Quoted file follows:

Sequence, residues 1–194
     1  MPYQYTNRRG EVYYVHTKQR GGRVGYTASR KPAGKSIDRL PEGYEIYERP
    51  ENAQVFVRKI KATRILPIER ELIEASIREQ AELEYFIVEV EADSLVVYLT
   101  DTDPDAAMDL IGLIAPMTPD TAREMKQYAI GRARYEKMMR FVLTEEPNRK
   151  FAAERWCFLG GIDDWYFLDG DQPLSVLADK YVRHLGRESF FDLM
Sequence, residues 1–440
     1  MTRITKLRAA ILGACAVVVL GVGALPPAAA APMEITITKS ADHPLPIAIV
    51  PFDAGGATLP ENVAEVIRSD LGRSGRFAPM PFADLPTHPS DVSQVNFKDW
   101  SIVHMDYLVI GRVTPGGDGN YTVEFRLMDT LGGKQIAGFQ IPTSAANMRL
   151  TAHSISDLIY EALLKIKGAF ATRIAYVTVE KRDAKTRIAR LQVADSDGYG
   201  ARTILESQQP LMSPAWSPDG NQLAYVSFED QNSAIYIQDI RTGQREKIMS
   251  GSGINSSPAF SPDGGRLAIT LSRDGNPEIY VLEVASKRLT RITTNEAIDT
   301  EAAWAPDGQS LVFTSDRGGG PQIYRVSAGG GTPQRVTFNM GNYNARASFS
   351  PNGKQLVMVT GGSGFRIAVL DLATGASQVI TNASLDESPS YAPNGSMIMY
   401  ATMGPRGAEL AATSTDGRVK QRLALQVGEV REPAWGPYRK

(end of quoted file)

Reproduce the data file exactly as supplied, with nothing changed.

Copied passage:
Sequence, residues 1–194
     1  MPYQYTNRRG EVYYVHTKQR GGRVGYTASR KPAGKSIDRL PEGYEIYERP
    51  ENAQVFVRKI KATRILPIER ELIEASIREQ AELEYFIVEV EADSLVVYLT
   101  DTDPDAAMDL IGLIAPMTPD TAREMKQYAI GRARYEKMMR FVLTEEPNRK
   151  FAAERWCFLG GIDDWYFLDG DQPLSVLADK YVRHLGRESF FDLM
Sequence, residues 1–440
     1  MTRITKLRAA ILGACAVVVL GVGALPPAAA APMEITITKS ADHPLPIAIV
    51  PFDAGGATLP ENVAEVIRSD LGRSGRFAPM PFADLPTHPS DVSQVNFKDW
   101  SIVHMDYLVI GRVTPGGDGN YTVEFRLMDT LGGKQIAGFQ IPTSAANMRL
   151  TAHSISDLIY EALLKIKGAF ATRIAYVTVE KRDAKTRIAR LQVADSDGYG
   201  ARTILESQQP LMSPAWSPDG NQLAYVSFED QNSAIYIQDI RTGQREKIMS
   251  GSGINSSPAF SPDGGRLAIT LSRDGNPEIY VLEVASKRLT RITTNEAIDT
   301  EAAWAPDGQS LVFTSDRGGG PQIYRVSAGG GTPQRVTFNM GNYNARASFS
   351  PNGKQLVMVT GGSGFRIAVL DLATGASQVI TNASLDESPS YAPNGSMIMY
   401  ATMGPRGAEL AATSTDGRVK QRLALQVGEV REPAWGPYRK